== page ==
To be upset with Rudy Fernandez for being homesick is a bit of a stretch. To be upset with Rudy Fernandez for being frustrated with his role is also a stretch. We’ll never know unless we’ve been put in that kind of situation. The man did sacrifice money to come to the NBA, and we all know how money can change people’s feelings ASAP. I mean I’ve always wanted to work for ESPN, and if I had a good job and took less money to go there and it wasn’t what I thought it would be…I’m sure part of me would be frustrated. He did leave his homeland, to come to Portland, Oregon…my lovely, lovely hometown…but a place that can occasionally be dreary. An immediate change from Spain.

(Before you shoot me Portlanders, I know Spain has it’s dreary moments as well.)

There is a part of me that sees where he is coming from. Take a look at the number of players who go overseas to play ball and either leave or never want to go back. Think about the number of college players who transfer year in, year out, in nearly every sport. I don’t think there is any sport that sees situations so deeply tied with performance like in the NBA. We could all collectively come up with a list of names of guys who could really do well…if given the right opportunity, the right situation. Look at Channing Frye. Floundered until he find the perfect spot for him. Now look at a guy like Ike Diogu…very talented, but still can’t find a spot for him and might be out of the league. Look at a guy like Lou Amundson, who thought he found his spot in Phoenix only to see it taken away. As much as I love the game, there is a cruel aspect to the NBA that few speak of.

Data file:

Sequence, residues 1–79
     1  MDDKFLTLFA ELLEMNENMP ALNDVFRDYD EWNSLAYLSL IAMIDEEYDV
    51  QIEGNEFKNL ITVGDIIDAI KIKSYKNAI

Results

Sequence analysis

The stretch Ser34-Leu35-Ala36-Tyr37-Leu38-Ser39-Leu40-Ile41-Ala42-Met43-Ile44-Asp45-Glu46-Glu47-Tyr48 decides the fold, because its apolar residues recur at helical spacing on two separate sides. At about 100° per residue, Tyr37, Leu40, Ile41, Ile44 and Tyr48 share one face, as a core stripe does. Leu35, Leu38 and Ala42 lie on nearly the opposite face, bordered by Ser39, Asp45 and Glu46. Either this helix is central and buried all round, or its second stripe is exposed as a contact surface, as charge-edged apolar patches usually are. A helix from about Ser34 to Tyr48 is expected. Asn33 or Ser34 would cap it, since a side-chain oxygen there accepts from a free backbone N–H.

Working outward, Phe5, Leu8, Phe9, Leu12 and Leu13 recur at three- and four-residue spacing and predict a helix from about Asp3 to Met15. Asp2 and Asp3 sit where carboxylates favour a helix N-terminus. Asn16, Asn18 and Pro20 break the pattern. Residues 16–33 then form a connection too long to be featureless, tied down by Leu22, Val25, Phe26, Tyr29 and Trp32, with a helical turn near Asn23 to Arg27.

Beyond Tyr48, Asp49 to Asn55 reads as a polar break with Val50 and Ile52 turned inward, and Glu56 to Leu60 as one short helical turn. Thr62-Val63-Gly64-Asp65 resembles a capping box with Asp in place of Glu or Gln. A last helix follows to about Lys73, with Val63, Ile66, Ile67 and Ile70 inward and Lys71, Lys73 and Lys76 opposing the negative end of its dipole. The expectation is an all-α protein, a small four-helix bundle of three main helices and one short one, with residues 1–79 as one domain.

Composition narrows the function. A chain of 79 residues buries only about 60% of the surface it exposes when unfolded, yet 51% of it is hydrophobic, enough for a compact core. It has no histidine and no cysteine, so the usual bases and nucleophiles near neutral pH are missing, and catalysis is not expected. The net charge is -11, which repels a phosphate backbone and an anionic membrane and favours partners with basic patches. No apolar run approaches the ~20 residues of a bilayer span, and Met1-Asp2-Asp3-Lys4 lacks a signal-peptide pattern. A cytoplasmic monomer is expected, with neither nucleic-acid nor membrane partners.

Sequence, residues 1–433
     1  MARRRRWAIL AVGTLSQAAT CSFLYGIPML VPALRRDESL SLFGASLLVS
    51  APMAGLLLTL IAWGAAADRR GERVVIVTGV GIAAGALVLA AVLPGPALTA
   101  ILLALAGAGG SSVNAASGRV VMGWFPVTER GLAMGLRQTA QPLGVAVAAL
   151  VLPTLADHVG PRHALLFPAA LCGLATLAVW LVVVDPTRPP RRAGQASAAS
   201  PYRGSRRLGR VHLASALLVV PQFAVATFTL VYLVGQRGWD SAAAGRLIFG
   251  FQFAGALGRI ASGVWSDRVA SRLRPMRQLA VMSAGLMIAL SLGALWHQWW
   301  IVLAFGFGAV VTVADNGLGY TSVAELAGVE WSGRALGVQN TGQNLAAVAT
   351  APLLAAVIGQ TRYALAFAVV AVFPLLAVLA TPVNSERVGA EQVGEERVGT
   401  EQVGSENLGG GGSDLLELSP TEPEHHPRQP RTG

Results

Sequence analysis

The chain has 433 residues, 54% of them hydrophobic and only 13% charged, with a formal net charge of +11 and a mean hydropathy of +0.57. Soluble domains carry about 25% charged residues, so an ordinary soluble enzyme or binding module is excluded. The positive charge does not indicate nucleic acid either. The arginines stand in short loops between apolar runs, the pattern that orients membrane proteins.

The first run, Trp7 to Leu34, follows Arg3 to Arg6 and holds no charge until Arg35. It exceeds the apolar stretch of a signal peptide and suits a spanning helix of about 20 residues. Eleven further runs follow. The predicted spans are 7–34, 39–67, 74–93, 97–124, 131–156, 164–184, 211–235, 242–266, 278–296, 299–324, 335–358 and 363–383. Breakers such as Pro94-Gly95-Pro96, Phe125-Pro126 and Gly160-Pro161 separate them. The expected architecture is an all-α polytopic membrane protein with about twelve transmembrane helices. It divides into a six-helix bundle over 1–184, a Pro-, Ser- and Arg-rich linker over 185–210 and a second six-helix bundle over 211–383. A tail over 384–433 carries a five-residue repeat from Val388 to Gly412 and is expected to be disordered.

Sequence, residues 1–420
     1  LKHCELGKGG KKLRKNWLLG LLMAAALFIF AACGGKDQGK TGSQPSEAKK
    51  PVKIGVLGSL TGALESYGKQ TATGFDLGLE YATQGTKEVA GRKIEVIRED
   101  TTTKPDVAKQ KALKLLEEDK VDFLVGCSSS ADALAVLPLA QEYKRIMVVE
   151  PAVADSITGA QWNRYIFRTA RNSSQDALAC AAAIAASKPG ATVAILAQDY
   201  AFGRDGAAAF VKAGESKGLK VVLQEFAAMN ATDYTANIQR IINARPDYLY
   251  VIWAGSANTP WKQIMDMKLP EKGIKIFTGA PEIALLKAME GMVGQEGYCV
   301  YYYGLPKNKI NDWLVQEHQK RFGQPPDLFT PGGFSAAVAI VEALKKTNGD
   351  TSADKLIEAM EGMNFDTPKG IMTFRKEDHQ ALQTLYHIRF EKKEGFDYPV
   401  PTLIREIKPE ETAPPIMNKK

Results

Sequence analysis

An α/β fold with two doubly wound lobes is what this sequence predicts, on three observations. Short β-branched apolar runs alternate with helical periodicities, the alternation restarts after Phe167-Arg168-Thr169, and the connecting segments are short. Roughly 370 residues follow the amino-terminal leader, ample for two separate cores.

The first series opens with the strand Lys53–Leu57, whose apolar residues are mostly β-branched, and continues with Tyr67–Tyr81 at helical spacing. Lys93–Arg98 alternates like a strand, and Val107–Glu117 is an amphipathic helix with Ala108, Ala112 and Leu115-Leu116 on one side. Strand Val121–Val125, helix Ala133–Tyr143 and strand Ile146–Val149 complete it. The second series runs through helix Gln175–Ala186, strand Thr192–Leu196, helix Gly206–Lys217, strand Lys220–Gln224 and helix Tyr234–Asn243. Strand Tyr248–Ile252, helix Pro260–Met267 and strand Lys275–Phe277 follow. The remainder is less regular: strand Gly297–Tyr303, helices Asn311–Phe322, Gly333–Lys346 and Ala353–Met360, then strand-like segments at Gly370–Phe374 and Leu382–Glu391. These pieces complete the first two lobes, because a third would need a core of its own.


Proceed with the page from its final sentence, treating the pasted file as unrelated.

As beautiful as it may sound on paper, the experience can sometimes leave one feeling empty. On a strictly basketball level, it would be a tough change to go from being a star, treated like a star, being accomodated to offensively…to all of a sudden just being asked to stand in a corner. I mean imagine going to play pickup at a gym, killing fools regularly, going to a different gym and watching as guys you think you’re better then are getting all the opportunities.

I don’t want this to sound like I’m taking Rudy’s side, because I’m not. I’m disappointed in the handling of this situation. I don’t like how public and messy it is. I don’t like how there is no clear reason for Fernandez to be acting like this. We all thought it was about minutes and then Andy Miller comes out and says ‘that’s the least of Rudy’s concerns’. Then what…is…the…problem? Come out and say something. Own up to it. This is the opposite of Juan Carlos Navarro leaving. Remember, he had a legit beef with Memphis–one for not being very good and two for trading away his best friend Pau Gasol. Did Rudy love Sergio that much? Maybe. But Portland was winning, attempting to build a championship team and Rudy was clearly a major part of that.

My biggest problem with this whole ordeal is we have yet to hear one negative word come directly from Rudy Fernandez’ mouth. It’s his agent, or a Spanish newspaper reporter, or someone else. It’s harder to connect and understand when the words are not coming straight from the camel’s mouth. Who knows what Miller’s intentions are? Is he using the last pawn that he has to get Rudy out of Portland? It’s strange because coming out like this, before the World Championships was not only odd-timing but ill-advised. He has no leverage and he has also has no backing.

Tags: Portland Trail Blazers Rudy Fernandez